C# is a language targeted at developers for the Microsoft .NET platform who have already worked with a C-like language such as C, C++, or Java. Unlike previous versions of C or C++ for the Microsoft Windows platform, C# code runs under a managed execution environment. Microsoft portrays C# as a modern and innovative language for .NET development and continues to deliver on that with new features such as Language Integrated Query (LINQ). The new features in C# 3.0 allow for more of a declarative and functional style of programming, when that is appropriate, while it still has great object-oriented features as well. The main idea is to use the style of programming that fits your problem, and C# will support your endeavor.

C# allows you to perform many C/C++-like functions, such as direct memory access via pointers and operator overloading, that are not supported in Visual Basic .NET. C# is the system-level programming language for .NET. You can still do great application-level work in C#, but it really shines when you need to build code a little closer to the Framework.

If you have seen C#, you may have noticed that it looks a lot like Java; Java programmers will feel very much at home in C# once they learn the Framework SDK. C# can also be a great language for Visual Basic .NET programmers when they need a little more control over what the code is doing and don't want to have to write C++ to gain an advantage. On the Web, you'll find a large community of people doing really neat things with C# and tons of sample code on sites such as and

We started writing this book together based on programming problems we ran into when we were first learning C# and have continued to expand it based on new challenges and capabilities in the language. In this edition, we have reworked the approach of many solutions to take advantage of LINQ and have also created entirely new solutions based on LINQ and the other new features in C# 3.0. We hope that it will help you get past some of the common (and not-so-common) pitfalls and initial questions everyone has when learning a new language as well as the slightly off-the-beaten-path items that come up during a development cycle. There are recipes addressing things we found missing from the .NET Framework Class Library (FCL), even though Microsoft has provided tons of functionality to keep folks from reinventing the wheel. Some of these solutions you might immediately use, and some may never darken your door, but we hope this book helps you get the most out of C# and the .NET Framework.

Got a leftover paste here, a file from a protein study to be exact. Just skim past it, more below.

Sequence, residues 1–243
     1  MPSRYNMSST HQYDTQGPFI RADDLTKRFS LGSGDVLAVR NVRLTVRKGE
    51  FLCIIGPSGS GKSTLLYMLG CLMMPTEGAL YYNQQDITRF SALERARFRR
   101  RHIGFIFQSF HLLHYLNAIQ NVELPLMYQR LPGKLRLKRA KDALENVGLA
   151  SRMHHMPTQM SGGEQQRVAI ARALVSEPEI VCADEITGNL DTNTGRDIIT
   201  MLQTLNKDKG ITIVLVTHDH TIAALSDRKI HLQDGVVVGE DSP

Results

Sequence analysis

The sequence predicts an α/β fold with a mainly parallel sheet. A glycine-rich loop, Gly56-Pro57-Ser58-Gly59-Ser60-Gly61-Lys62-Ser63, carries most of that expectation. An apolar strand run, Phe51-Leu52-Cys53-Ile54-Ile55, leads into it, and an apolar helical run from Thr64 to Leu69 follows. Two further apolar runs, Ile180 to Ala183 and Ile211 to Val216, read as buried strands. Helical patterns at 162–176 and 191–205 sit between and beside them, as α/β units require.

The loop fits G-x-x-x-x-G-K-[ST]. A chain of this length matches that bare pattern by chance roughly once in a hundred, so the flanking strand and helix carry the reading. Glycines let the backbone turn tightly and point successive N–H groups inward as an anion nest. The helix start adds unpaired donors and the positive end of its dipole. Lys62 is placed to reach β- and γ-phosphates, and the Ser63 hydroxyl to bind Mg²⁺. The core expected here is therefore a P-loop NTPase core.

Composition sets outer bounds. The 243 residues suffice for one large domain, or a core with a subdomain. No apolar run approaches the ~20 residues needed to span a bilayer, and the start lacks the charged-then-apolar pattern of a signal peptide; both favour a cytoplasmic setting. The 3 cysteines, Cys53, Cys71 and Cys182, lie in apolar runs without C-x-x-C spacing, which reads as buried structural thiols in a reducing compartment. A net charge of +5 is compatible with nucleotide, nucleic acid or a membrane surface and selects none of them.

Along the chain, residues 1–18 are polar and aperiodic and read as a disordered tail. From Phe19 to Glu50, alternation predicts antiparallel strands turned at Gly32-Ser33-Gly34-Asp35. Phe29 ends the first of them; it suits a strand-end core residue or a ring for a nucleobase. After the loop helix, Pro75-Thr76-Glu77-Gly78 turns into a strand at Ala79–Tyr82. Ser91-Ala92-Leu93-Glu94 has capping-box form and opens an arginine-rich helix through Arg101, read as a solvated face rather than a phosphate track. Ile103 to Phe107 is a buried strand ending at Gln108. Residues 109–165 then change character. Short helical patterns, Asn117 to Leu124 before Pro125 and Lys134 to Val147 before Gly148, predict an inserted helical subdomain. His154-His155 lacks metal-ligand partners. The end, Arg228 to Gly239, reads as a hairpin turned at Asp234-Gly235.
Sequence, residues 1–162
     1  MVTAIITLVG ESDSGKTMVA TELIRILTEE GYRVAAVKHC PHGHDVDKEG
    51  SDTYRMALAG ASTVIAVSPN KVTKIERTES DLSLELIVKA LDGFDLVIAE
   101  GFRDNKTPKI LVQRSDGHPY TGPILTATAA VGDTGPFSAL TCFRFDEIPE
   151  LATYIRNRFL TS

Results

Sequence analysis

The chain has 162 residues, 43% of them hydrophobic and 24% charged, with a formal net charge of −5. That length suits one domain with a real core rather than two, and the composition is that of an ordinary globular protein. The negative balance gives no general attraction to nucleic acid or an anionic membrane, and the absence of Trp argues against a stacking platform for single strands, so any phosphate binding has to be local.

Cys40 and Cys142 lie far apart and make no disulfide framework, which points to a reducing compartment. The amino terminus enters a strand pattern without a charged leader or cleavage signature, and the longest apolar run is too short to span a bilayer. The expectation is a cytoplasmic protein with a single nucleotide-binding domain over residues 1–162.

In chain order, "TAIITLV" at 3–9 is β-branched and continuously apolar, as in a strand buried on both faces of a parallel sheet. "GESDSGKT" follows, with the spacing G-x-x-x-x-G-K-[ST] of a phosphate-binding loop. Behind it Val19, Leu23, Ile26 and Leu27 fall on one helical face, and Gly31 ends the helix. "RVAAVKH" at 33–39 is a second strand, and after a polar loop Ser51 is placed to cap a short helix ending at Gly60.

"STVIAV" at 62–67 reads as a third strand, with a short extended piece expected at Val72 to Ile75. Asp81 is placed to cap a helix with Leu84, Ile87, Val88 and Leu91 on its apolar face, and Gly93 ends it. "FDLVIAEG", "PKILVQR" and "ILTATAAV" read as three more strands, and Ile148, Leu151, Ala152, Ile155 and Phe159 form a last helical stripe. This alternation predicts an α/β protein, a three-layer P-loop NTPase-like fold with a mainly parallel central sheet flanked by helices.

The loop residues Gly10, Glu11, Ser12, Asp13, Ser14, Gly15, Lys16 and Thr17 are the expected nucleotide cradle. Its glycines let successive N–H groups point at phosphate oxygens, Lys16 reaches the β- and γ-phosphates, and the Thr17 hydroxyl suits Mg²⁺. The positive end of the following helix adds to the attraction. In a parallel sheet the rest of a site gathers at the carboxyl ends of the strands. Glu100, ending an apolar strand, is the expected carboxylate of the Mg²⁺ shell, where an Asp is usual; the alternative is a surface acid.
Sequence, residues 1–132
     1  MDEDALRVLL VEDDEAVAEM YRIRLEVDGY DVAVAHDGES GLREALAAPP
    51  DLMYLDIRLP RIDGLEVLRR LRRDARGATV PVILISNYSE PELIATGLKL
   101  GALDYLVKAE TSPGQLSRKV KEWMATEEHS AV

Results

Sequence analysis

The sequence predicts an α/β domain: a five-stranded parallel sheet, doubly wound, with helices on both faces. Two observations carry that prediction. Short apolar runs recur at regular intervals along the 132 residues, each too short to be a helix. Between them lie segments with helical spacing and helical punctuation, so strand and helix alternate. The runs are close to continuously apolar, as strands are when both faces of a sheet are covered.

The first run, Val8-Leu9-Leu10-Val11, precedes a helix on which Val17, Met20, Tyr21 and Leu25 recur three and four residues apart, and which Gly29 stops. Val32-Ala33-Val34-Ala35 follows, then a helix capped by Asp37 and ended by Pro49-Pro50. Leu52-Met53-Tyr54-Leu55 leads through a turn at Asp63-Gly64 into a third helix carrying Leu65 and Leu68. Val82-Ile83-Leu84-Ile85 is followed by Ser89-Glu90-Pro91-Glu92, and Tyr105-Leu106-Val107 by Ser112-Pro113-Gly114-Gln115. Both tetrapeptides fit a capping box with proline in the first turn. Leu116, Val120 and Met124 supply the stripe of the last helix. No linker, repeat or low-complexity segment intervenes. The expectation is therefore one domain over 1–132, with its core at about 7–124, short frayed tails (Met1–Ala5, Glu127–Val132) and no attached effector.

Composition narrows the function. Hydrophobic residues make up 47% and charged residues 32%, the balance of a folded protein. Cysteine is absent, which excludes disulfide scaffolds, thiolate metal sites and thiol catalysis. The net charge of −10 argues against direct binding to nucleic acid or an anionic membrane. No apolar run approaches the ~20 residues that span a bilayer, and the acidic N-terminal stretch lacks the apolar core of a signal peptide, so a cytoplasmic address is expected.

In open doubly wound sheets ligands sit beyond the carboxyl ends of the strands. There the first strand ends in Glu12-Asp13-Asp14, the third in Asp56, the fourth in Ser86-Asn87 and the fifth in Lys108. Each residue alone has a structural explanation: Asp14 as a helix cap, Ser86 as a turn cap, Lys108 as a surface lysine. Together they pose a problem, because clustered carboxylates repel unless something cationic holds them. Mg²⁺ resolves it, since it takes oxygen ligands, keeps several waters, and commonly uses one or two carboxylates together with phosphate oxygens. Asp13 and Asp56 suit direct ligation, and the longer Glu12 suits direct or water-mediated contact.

The book is laid out with respect to the types of problems you will solve as you progress through your life as a C# programmer. These solutions are called recipes; each recipe consists of a single problem, its solution, a discussion of the solution and other relevant related information, and finally, where you can look for more information about the classes used from the FCL, other books addressing this topic, related articles, and other recipes. The question-answer format provides complete solutions to problems, making the book easy to read and use. Nearly every recipe contains a complete, documented code sample, showing you how to solve the specific problem, as well as a discussion of how the underlying technology works and a list of alternatives, limitations, and other considerations when appropriate.

00.1. Who This Book Is For

You don't have to be an experienced C# or .NET developer to use this book—it is designed for users of all levels. This book provides solutions to problems that developers face every day as well as some that may come along less frequently. The recipes are targeted at the real-world developer who needs to solve problems now, not learn lots of theory before being able to solve the problem. While reference or tutorial books can teach general concepts, they do not generally provide the help you need in solving real-world problems. We choose to teach by example, the natural way for most people to learn.

The majority of the problems addressed in this book are frequently faced by C# developers, but some of the more advanced problems call for more intricate solutions that combine many techniques. Each recipe is designed to help you quickly understand the problem, learn how to solve it, and find out any potential trade-offs or ramifications to help you solve your problems quickly, efficiently, and with minimal effort.